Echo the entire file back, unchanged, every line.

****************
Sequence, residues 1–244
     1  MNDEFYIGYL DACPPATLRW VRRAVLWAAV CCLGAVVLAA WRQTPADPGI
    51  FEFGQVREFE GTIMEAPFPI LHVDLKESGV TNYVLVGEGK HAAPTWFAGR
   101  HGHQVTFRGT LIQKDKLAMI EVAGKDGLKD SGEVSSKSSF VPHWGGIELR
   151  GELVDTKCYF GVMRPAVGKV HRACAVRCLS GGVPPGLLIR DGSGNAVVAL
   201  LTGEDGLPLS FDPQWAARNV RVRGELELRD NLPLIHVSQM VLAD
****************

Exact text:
Sequence, residues 1–244
     1  MNDEFYIGYL DACPPATLRW VRRAVLWAAV CCLGAVVLAA WRQTPADPGI
    51  FEFGQVREFE GTIMEAPFPI LHVDLKESGV TNYVLVGEGK HAAPTWFAGR
   101  HGHQVTFRGT LIQKDKLAMI EVAGKDGLKD SGEVSSKSSF VPHWGGIELR
   151  GELVDTKCYF GVMRPAVGKV HRACAVRCLS GGVPPGLLIR DGSGNAVVAL
   201  LTGEDGLPLS FDPQWAARNV RVRGELELRD NLPLIHVSQM VLAD